'A Step Forward': Confederate Monuments Officially Being Removed Across the U.S.
Following the police killing of George Floyd and countless Black Lives Matter protests across the nation, states are removing statues that glorify the Confederacy
Confederate monuments and memorials exist across the United States of America — just look at this interactive map — glorifying the Confederate Army and its generals, presidents and soldiers. Though there were only 11 states in the Confederacy, 31 of the 50 states contain monuments dedicated to it.
The Equal Justice Initiative has documented nearly 2,000 monuments, most of which were erected decades after the Confederacy lost the Civil War and slavery was abolished.
According to Smithsonian Magazine, "The historical record suggests that monument-building peaked during three pivotal periods: from the late 1880s into the 1890s, as Reconstruction was being crushed; from the 1900s through the 1920s, with the rise of the second Ku Klux Klan, the increase in lynching and the codification of Jim Crow; and in the 1950s and 1960s, around the centennial of the war but also in reaction to advances in civil rights."
The call to remove these monuments is not a new one, but following the death of George Floyd and countless other Black men and women throughout the United States, people are demanding that monuments be taken down.
Charleston, South Carolina
The Charleston City Council voted unanimously to remove a statue of John C. Calhoun, former vice president and vocal supporter of slavery, from Marion Square.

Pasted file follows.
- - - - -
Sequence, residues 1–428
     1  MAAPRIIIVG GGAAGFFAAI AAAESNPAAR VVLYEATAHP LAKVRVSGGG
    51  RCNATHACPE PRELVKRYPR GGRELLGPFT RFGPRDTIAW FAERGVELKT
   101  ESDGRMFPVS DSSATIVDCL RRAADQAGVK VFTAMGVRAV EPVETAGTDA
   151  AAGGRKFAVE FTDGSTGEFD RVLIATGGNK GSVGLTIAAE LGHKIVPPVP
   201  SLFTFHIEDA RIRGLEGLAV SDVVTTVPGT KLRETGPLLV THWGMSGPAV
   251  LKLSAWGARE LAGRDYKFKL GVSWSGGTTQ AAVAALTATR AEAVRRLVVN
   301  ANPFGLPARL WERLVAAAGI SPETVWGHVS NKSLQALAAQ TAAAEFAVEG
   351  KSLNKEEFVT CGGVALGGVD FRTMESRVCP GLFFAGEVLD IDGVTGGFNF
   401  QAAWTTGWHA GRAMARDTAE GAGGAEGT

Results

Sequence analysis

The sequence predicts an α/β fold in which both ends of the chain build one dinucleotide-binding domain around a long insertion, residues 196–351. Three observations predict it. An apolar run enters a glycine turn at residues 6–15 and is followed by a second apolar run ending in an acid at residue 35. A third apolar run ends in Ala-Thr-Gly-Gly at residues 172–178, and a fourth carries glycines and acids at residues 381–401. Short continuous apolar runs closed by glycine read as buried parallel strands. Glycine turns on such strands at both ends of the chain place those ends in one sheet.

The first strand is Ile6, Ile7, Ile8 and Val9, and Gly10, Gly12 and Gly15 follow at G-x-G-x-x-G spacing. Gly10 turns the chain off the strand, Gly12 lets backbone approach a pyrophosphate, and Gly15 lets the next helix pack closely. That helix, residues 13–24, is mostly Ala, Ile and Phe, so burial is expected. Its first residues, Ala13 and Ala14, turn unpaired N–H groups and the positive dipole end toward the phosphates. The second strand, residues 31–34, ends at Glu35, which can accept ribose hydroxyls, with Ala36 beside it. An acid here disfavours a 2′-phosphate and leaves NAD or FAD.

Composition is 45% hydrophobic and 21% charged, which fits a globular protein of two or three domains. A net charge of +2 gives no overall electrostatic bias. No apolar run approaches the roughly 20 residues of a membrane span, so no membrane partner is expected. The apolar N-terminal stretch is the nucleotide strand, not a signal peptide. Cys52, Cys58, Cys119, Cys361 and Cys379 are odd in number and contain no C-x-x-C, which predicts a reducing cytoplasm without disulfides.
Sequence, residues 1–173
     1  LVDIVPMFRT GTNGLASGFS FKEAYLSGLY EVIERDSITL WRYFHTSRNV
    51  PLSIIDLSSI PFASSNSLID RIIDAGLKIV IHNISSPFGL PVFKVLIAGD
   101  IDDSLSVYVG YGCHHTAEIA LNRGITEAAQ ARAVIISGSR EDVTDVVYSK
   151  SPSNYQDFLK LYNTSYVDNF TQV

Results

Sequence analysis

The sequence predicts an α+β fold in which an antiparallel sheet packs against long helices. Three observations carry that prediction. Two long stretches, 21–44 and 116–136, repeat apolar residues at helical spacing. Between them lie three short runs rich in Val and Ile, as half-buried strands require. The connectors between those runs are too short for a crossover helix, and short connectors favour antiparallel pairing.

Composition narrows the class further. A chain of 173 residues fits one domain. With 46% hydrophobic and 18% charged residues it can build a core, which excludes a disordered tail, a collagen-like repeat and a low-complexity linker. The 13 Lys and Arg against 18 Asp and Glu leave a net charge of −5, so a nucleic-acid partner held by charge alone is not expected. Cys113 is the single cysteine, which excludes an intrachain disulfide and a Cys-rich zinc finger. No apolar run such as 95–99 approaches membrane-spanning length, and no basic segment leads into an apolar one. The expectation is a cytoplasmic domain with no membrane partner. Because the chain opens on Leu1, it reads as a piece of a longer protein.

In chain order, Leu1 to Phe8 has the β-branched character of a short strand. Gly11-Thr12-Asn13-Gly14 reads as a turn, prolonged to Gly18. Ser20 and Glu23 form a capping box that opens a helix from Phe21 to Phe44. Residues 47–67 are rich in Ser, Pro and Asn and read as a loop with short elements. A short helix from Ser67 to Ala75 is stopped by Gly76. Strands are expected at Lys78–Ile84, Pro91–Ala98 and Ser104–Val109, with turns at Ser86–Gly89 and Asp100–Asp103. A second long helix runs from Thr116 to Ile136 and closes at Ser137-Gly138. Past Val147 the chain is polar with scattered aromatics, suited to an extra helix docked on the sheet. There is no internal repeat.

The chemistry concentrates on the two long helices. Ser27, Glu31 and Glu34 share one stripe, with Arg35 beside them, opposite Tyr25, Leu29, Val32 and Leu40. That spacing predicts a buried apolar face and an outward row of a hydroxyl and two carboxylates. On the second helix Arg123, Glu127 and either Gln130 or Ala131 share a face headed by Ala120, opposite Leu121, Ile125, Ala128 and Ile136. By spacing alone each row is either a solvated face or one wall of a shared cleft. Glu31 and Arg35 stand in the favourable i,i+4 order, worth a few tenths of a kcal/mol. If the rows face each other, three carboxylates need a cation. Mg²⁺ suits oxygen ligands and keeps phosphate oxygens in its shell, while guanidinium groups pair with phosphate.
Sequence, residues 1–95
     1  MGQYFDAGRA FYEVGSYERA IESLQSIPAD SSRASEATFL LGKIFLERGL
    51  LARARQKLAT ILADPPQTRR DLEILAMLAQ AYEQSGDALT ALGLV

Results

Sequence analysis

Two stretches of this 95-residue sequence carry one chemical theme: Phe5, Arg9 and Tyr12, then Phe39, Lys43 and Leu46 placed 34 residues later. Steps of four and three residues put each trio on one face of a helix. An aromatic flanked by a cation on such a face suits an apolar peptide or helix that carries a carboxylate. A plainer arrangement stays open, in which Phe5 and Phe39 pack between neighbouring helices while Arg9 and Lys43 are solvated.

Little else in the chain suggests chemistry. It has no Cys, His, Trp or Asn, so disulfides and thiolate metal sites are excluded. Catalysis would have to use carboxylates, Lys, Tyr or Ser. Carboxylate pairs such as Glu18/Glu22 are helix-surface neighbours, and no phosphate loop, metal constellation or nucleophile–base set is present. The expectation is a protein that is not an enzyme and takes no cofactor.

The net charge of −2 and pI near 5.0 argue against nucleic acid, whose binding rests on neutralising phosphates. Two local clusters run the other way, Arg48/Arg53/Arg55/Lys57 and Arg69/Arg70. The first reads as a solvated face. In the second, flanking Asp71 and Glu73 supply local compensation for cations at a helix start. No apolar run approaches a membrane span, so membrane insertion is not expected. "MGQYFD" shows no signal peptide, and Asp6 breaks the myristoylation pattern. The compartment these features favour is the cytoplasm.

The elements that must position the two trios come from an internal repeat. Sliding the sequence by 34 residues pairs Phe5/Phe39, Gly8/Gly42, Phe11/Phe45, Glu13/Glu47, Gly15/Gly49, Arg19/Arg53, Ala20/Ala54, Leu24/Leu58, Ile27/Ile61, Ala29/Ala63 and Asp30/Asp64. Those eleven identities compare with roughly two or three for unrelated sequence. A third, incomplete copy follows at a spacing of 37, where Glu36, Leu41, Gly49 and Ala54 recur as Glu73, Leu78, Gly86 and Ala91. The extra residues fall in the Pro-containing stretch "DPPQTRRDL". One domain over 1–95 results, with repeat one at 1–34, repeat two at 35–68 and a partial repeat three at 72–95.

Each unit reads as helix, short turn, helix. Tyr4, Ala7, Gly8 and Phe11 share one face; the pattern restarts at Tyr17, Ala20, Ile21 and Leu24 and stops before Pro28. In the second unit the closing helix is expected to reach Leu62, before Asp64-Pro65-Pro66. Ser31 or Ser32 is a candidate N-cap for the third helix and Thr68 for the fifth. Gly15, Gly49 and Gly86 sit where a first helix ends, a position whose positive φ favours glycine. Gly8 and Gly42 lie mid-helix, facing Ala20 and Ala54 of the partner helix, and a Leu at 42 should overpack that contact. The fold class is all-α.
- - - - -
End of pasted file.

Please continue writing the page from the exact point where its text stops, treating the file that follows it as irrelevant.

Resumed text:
"We have a sense of unity moving forward for racial conciliation and for unity in this city," Mayor John Tecklenburg said after the vote. "God bless you all."
Council member Peter Shahid said of the decision, "The statue has served as a symbol of division in our community and we don’t need that. We need symbols that unite us that bring us together not tear us apart.”
In Frankfort, officials ordered the removal of a statue of Confederate President Jefferson Davis.
Governor Andy Beshear tweeted after the removal, "After calling for its removal and urging the Historic Properties Advisory Commission to act, today I pressed the button to bring it down," adding, "Now, every child who walks into their Capitol feels welcome. Today we took a step forward for the betterment of every single Kentuckian."
Work crews removed a statue and plaque in Jacksonville, Florida, that honored fallen Confederate soldiers.
Louisville officials announced on June 8 that they would be removing the statue of Confederate officer John Breckenridge Castleman after a Jefferson Circuit Court judge ruled they had the right to do so. The statue was originally meant to be moved two years ago, but the decision was appealed in court.
In a statement about the decision, Louisville mayor Greg Fischer said, "Too many people are suffering today because the promises of justice and equality enshrined in our Constitution are unfulfilled by a society that devalues African-American lives and denies African Americans justice, opportunity and equity. That's got to change. People want and deserve action. We need a transformation."
After protesters toppled the statue of Confederate President Jefferson Davis in Richmond, officials called for the statue to be removed completely.
In nearby Fredericksburg, an 800-lb. auction block for enslaved people was finally removed.